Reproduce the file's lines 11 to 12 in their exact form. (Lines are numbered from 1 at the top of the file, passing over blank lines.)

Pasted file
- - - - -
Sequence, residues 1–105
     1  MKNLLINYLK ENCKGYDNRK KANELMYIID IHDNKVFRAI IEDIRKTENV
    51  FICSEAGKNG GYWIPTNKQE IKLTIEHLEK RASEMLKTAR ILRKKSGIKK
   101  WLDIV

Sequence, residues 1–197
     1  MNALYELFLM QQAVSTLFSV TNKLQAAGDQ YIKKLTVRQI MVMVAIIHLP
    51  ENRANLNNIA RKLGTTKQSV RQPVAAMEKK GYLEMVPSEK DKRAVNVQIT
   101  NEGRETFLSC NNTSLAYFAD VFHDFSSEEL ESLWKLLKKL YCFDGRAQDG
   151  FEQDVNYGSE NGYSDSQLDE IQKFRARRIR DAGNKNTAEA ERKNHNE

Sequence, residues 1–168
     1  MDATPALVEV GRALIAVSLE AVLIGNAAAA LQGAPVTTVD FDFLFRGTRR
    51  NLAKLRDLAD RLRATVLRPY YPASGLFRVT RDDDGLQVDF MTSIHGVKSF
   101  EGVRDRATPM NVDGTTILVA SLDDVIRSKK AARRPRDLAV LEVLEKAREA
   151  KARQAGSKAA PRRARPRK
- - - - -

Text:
     1  MDATPALVEV GRALIAVSLE AVLIGNAAAA LQGAPVTTVD FDFLFRGTRR
    51  NLAKLRDLAD RLRATVLRPY YPASGLFRVT RDDDGLQVDF MTSIHGVKSF